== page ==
• If screeners are made shorter, we are more likely to get participants that don’t precisely fit the research needs. Yet, the cost of getting respondents is increasing. How can we balance these opposing forces?
    • It’s a risk to manage, but I think researchers who ask intelligent screening questions won’t see a significant decrease in quality. In fact, lowering the barrier to entry for everyone, if we can pare down screeners, might increase quality because fresh respondents would be more likely to participate!
  • How has the number of respondents per group changed over time (e.g., from ten to only six or eight per group), and has the length of interviews (LOI) of focus groups changed over time, pre-, during, or post-Covid (90 minutes to 60, etc.)?
    • We’ve seen a dramatic increase in in-depth interviews, and strong double-digit growth versus “groups”. LOI has not deviated much.
  • One concern about AI-generated responses is how bad actors might use them to generate fake answers on screeners or boards. What tools is Sago developing to counteract this issue?
    • We are working with industry-leading partners to make sure our fraud detection tools can cross reference against known AI patterns; there will be more innovation here in the coming years.
  • Frequently, many qualitative hurdles are due to clients needing to be more familiar with qualitative research (e.g., long screeners). What are you doing to stop qualitative research from being hamstrung by people who don’t understand this kind of research?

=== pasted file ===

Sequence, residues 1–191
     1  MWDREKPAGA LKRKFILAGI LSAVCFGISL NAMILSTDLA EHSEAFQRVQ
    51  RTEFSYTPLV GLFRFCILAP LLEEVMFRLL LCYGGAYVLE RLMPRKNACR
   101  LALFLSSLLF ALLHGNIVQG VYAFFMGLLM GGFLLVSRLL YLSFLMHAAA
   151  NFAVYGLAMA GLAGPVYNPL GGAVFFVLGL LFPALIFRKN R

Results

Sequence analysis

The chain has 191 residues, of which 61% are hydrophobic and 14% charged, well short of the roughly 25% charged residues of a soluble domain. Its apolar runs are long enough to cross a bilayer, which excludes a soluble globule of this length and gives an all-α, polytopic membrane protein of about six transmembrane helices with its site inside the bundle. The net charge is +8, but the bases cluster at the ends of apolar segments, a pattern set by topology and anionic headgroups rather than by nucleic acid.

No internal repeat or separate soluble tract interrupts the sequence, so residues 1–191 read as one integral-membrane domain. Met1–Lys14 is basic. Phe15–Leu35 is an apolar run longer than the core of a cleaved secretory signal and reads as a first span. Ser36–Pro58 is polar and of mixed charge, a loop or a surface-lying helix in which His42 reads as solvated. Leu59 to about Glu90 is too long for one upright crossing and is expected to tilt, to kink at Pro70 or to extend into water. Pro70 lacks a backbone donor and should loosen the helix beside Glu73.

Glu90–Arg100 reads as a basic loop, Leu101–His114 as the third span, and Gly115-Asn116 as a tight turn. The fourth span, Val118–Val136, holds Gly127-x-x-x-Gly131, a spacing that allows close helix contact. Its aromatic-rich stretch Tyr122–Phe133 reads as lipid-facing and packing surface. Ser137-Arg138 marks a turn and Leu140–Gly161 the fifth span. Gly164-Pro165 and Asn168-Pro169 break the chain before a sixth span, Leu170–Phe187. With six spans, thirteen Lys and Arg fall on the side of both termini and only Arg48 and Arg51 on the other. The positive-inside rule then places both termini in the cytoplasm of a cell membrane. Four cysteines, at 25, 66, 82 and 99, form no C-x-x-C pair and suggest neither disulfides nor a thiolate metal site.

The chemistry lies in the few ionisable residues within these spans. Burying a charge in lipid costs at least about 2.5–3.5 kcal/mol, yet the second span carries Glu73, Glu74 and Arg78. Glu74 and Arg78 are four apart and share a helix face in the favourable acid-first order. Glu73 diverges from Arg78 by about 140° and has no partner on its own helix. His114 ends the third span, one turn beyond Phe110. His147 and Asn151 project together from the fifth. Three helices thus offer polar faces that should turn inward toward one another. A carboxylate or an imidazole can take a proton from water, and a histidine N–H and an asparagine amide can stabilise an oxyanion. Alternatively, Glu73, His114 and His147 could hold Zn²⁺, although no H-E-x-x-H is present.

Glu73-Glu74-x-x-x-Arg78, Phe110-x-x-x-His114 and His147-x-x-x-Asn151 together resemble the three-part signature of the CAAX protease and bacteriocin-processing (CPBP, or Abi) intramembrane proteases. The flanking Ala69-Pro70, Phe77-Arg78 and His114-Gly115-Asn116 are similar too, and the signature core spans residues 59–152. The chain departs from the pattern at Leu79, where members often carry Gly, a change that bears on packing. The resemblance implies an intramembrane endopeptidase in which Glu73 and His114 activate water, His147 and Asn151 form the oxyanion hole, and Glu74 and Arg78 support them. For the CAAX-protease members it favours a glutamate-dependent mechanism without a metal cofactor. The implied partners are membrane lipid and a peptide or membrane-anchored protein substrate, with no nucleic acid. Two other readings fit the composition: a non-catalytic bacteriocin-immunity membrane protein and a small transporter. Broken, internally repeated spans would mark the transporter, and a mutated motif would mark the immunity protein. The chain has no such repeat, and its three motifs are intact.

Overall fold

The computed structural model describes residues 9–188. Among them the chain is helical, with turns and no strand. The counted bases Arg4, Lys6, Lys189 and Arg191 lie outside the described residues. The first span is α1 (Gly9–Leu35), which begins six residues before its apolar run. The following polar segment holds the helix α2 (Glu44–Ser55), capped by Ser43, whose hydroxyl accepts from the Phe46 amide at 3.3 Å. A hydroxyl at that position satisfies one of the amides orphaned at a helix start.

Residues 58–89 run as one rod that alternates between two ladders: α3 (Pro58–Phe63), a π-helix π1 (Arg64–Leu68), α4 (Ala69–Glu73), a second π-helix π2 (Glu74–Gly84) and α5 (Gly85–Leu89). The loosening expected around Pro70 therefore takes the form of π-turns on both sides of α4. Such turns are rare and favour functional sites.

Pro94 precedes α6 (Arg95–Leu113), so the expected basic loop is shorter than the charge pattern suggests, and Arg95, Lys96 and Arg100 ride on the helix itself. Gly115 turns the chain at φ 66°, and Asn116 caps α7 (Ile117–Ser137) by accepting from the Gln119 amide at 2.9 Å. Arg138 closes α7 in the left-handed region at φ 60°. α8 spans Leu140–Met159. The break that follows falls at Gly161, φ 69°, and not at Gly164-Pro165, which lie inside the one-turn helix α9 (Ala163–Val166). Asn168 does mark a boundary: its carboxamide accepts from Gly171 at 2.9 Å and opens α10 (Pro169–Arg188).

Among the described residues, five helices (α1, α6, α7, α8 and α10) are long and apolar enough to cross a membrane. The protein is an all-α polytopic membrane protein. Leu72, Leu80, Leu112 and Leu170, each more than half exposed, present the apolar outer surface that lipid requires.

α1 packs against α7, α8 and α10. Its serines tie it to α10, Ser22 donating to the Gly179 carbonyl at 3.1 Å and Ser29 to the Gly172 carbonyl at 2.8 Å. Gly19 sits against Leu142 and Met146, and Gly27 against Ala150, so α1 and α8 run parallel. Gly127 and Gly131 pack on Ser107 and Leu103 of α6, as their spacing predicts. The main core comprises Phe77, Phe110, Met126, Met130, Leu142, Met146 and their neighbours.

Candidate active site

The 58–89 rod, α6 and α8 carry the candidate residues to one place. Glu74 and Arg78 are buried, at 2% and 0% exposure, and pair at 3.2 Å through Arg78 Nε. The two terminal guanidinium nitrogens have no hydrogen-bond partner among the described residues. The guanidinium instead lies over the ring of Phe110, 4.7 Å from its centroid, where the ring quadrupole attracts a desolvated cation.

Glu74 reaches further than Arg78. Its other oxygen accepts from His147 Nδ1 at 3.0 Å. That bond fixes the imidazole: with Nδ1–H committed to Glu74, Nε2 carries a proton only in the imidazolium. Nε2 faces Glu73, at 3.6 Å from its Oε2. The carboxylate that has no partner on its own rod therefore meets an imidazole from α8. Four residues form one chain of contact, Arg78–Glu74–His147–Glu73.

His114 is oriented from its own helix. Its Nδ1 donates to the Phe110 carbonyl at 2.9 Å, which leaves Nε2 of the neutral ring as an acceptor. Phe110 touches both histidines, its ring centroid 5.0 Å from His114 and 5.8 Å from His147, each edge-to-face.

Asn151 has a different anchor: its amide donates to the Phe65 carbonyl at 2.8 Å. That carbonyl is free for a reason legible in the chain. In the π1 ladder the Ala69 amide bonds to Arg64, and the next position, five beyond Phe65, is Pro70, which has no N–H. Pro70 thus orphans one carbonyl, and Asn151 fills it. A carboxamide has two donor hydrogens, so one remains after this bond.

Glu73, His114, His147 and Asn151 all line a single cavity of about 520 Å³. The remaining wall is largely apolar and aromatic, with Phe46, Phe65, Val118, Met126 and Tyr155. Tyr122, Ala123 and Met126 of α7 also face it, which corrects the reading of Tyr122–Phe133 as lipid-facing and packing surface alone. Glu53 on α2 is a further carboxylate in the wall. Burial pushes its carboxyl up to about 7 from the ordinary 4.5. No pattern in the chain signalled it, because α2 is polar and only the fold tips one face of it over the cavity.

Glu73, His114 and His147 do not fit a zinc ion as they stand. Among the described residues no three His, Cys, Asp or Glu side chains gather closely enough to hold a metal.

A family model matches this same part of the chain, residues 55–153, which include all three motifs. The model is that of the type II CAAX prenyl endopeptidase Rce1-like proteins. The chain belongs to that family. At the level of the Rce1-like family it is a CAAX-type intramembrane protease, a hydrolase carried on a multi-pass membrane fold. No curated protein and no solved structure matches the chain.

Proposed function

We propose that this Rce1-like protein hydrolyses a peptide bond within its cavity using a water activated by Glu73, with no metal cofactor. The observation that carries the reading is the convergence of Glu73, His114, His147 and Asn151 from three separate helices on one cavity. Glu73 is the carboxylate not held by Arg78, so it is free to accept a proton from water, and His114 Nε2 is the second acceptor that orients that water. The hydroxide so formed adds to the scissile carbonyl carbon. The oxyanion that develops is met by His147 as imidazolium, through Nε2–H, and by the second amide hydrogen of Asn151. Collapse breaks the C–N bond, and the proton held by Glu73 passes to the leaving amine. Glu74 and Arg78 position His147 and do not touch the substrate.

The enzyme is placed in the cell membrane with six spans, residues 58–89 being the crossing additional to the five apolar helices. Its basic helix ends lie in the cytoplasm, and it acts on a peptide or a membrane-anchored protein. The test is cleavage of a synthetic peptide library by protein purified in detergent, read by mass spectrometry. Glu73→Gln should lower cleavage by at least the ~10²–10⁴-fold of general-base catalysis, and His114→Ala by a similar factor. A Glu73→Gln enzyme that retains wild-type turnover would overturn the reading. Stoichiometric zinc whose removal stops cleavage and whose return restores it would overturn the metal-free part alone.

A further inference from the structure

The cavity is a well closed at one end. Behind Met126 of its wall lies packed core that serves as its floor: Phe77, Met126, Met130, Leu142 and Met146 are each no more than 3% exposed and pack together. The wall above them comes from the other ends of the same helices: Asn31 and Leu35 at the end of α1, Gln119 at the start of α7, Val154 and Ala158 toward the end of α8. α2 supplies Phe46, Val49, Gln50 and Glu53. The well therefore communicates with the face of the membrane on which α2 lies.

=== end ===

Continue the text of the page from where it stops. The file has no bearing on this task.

• I think people often need to vote with their checkbooks. We will soon live in a world where screener length drives the cost of the study. That’s been a bit of a “no-no” so far in qual, but it’s coming, nonetheless.
  • Do you find participants are more difficult to engage in a digital group compared to in person?
    • Generally, no. Life is about compromise and while we have great engagement in all methods, there are pros and cons to every method, and I wouldn’t say one has unique challenges that others don’t face as well.

Whether it’s gamification or the use of AI, the changes to research have been undeniable, and qualitative research is no exception. As technology continues to advance, it is expected that these trends will continue to evolve, shaping the future of qualitative research in exciting new ways.

Delve into the impact of digital qualitative research tools on the future of market research and learn about critical considerations in participant engagement in the on-demand webinar, “The Future of Qualitative Research: Insights from a Global Qual Leader.”

If you would like to hear more about the use of big data in qualitative research, check out the upcoming Qual360 Europe and North America editions. All quoted speakers will present live at the Qual360 North America edition on March 13&14 in Washington D.C.
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Isaac Rogers

President of Sago